52 Things I’m Thankful for on My 52nd Birthday

52-highsOne thing about nearly dying is that it makes you appreciate life more. It may sound cliche, but there was a time not too long ago when I wasn’t sure I’d make it to 52. And even though it’s not a nice round number like 50 or 55, I still feel like celebrating simply waking up for another birthday. Happy 52nd birthday to me.

Even for those who did not have a near-death experience, the world sure seems to be coming apart at the seams. Things feel pretty dire. We have a lunatic in the White House. The world looks to Germany for moral authority. The climate is changing so rapidly that huge chunks of the polar caps are falling off and melting into the sea. The American wage gap is getting wider. Americans are getting wider. Kids keep getting gunned down at schools. The U.S. Men’s National Team didn’t make the World Cup!

Yet even still, perhaps because I have been consciously trying to pay less attention to politics and the news, I feel like I have a lot for which to be thankful (including knowing how not to end a sentence with a preposition).

I’m not really going to tick off 52 things I’m thankful for as I turn 52 (not because I can’t come up with 52, but because I don’t think you’d read through a list that long). I am, however, going to hit some high notes.

  • First and foremost, my heart is strong and while it will never be fully recovered it is pumping within the normal range (ejection fraction at 55). My arteries are clear. I recovered completely from the little stroke I had last year with no permanent deficiencies. Aside from a few normal age-related aches and pains, I’m in pretty good health given my history.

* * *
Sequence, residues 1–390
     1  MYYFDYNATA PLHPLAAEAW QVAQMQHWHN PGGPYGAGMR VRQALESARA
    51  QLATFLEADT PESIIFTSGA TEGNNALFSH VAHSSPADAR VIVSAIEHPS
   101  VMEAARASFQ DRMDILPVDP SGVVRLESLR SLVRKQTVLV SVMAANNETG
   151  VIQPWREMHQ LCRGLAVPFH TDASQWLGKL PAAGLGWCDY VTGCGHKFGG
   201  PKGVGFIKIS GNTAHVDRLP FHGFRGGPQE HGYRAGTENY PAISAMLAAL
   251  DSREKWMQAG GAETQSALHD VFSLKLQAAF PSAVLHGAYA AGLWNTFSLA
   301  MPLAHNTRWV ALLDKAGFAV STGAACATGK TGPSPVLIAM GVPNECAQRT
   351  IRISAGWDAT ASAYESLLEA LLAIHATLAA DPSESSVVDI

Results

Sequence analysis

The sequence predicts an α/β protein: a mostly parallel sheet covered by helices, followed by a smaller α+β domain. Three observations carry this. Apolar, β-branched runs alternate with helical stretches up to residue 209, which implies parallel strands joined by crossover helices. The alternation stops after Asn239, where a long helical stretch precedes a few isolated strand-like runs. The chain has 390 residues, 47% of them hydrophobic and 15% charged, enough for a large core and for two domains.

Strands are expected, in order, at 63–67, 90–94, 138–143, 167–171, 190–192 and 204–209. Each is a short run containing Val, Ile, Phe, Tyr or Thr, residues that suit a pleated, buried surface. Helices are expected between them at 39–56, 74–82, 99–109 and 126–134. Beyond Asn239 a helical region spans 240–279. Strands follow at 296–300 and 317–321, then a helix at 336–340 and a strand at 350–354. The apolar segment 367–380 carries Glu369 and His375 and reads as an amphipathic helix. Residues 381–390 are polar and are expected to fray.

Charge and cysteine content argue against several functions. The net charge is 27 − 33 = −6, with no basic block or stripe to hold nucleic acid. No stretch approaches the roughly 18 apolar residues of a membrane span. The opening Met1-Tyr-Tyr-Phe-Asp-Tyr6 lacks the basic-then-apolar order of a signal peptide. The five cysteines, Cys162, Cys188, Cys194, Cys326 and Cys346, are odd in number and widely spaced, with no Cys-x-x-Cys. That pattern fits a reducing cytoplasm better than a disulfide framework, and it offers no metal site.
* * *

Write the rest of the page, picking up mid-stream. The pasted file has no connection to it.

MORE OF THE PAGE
• I have a loving wife/best friend who treats me like a king despite my often whiny personality. In a few months, we’ll be celebrating our 25th wedding anniversary.
  • We have raised a remarkable son who at 20 is wise beyond his years. He may still be trying to find himself, but he’ll never be lost.
  • I live in a wonderful town in a perfect townhouse in a great neighborhood.
  • For the first time in my life, I can truly say I love my job. I had a great year raising money for the American Heart Association and I am honored to be able to do this work for a living. Strange way to find a calling, but I’ll take it.
  • Despite some ups and down this year, my mom, dad, and sister are doing well (as well as can be expected given they all live in Tucson now).
  • We’re doing well enough financially to afford to travel more and are starting to tick off our bucket list one by one.
  • I have great friends both online and in real life.
  • The heart attack support network I founded on Facebook has grown from a handful of survivors in Phoenix to nearly 3,500 across the globe.